Don't expect a university degree to guarantee you a decent standard of living in the Chinese capital. So poor and desperate are the city's young graduates, they have been labelled "ants" for their hard-working ethic and limited living space.

Increased tuition fees and a saturated job market; that's why there are now over 50,000 young graduates squashed into the poor outer-Beijing suburb of Tangjialing. According to Chinese sociologist Lian Si, there are no less than ten of these "intellectual slums" wallowing on the outskirts of Beijing. 

"An alienated ant on the Beijing metro"

This artistic depiction of life in Beijing for one hopeless graduate was produced by a “member of an ant colony”. The clip has already been viewed 850,000 times since it was published two days ago on Youku Buzz by "jeanshao".

“They’re labelled ants because they’re undersized and live in limited surroundings, but they’re intelligent”

Lian Si is a sociologist in Beijing. He wrote the book "Ant Tribe".

I became interested in this problem in 2007. I then spent two years researching; I visited seven ‘colonies' on the outskirts of Beijing, living in them each for some time, and in total, interviewing 600 graduates.

I noted that the graduates earn an average of 1950 Yuan (€200) a month. Most of the time they work on stalls, as waitresses or doing other temporary jobs. The rent costs around 400 Yuan (€40) a month. They spend a lot of time travelling to and from the centre of the city on public transport.

The ‘ants' have three characteristics in common. They're graduates, they're low earners, and they stick together. They're labelled ants because they're undersized and have limited living space, but at the same time they're intelligent and they don't grumble about their situation.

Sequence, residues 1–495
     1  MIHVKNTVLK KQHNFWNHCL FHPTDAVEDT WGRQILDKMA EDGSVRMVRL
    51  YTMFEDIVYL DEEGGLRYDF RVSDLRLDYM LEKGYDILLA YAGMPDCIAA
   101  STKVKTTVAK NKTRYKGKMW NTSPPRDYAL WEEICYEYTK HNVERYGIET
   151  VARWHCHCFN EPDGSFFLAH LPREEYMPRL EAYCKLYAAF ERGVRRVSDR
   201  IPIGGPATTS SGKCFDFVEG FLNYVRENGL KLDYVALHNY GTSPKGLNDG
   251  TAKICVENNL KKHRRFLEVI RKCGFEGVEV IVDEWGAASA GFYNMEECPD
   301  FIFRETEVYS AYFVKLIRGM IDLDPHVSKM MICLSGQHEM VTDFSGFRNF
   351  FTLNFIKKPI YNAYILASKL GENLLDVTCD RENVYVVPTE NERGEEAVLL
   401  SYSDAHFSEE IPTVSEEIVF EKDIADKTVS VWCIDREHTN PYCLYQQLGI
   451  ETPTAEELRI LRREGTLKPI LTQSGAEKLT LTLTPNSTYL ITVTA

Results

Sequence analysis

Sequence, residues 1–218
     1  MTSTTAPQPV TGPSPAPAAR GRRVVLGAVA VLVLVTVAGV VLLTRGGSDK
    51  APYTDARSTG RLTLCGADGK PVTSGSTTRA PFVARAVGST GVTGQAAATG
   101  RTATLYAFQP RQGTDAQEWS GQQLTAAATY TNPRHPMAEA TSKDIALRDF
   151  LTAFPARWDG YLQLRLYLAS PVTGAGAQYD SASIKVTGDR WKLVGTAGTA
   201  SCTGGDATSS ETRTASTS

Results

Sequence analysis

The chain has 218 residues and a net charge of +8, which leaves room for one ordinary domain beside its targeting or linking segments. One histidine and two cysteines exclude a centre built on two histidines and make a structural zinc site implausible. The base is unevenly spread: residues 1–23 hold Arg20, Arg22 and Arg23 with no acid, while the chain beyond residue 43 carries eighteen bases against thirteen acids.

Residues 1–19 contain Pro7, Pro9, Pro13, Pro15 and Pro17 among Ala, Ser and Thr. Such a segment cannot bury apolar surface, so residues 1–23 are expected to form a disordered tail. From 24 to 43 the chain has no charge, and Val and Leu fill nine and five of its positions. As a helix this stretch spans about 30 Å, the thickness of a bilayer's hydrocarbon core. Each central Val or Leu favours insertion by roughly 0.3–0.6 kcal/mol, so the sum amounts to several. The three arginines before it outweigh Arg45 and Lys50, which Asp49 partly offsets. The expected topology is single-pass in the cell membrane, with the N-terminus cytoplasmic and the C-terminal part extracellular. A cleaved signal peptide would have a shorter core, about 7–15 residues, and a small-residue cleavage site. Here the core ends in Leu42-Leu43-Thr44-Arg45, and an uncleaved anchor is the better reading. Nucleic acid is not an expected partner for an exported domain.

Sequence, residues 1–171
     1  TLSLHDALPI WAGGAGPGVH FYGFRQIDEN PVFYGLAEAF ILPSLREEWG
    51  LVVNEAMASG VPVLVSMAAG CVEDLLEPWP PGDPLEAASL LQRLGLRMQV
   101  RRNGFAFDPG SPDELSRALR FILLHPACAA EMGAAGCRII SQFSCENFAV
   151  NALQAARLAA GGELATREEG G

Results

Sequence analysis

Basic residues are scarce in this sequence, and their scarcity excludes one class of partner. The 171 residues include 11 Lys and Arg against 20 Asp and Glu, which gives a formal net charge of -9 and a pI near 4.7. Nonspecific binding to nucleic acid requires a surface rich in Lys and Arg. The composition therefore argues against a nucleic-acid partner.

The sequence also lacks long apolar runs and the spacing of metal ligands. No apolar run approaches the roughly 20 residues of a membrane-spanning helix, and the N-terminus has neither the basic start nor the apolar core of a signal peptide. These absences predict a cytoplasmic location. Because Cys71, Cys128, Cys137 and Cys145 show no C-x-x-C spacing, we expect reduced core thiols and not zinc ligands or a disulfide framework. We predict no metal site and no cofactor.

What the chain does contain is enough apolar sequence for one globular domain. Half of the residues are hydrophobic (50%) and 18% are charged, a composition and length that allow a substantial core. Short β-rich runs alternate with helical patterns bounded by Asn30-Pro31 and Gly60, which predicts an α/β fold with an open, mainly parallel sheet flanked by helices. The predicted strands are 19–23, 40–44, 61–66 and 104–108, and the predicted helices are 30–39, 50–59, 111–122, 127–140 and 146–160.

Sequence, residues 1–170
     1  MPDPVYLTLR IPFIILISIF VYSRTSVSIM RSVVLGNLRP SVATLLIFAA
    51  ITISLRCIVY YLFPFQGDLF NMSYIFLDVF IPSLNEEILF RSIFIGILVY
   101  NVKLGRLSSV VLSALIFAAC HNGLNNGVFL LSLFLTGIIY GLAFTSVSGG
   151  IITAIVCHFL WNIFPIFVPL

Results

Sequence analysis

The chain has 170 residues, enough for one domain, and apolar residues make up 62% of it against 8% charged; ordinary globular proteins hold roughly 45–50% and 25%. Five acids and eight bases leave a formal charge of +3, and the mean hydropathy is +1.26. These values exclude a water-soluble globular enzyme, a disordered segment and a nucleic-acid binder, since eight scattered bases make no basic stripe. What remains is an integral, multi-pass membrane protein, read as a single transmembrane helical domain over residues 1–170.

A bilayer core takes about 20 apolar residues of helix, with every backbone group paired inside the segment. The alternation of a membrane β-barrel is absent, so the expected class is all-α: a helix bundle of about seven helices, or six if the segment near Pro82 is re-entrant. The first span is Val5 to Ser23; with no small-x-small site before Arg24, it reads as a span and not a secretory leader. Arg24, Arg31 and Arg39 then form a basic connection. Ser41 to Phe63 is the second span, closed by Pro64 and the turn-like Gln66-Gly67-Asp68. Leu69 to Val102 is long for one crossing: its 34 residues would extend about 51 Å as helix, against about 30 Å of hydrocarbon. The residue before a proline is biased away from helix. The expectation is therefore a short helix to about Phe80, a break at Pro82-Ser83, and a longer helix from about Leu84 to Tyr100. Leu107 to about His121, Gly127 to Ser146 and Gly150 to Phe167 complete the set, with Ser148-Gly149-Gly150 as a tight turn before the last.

About 80% of them come from isolated villages cut from the world. They try to make a living in big cities like Beijing. It's also because of this that they stay in a group, to have the feeling of community and security in their unfamiliar surroundings.

Most of them stay for about five years. They either find a decent job and move into Beijing itself or give up and go back to their hometown.

Both the central and local governments are currently looking seriously into how to make improvements to these people's living conditions." 

“The biggest rooms are 20m2; but most are less than half that”

This account, from a resident of Tangjialing, was posted on the MOP forum on Dec. 4, by "La solitude de DanDan".

The buildings here are Tongzilou [tube shaped with communal corridors], built especially for people like us looking for cheap rent.

The biggest rooms are 20m2. Most of them are less than half that.

"Student dorms 20 metres".

Most people come to Beijing full of hope. They go to uni and then decide to stay to start their career here. But with the saturated job market, they’ve got no choice but to live in places like these. I’m thought of as lucky, because I earn 1,000 Yuan (100 euros) a month. But you can never be sure of holding onto your job.”

This is Tangjialing. The place looks better on the photo. Only people who live there understand what it means to be an ‘ant’. It’s a real town within a town.

 

This is one of the streets in Tangjialing. It rains a lot in the summer, you have to put plastic bags on your feet. When it’s dry it’s like a desert of dirt.

People come from all over China, and live in even worse conditions than ours!

This is a place to eat. It’s cheaper than in the rest of Beijing. But people only eat out for breakfast – the rest of the time we cook in our bedrooms. A bit sad if you’re single, like me.

People will eat bread rolls and nothing else for weeks to save money. But I keep telling them, that if they don’t eat well, they won’t be healthy enough to work properly.

Here’s a bedroom. It’s unbearable in the summer.

This is quite a tidy room. A bit like mine, but with my long working hours, I don’t find the time to tidy my room.

This is paradise. You should always live with a woman.

The bus stop. More than 10,000 people wait here every morning. There are more than ten lines that stop here, but the buses are still packed.

Tangjialing is situated after the fifth circular road of Beijing. It takes between one and two hours to get to work.

There are even people employed to push us on to the bus so that the doors can close. Sometimes you have to wait two hours for a bus with space to come.

It’s hard to say how we carry on with this life. Some get by, others fail, but at least we all learn how to persevere; it's a useful experience for later life.”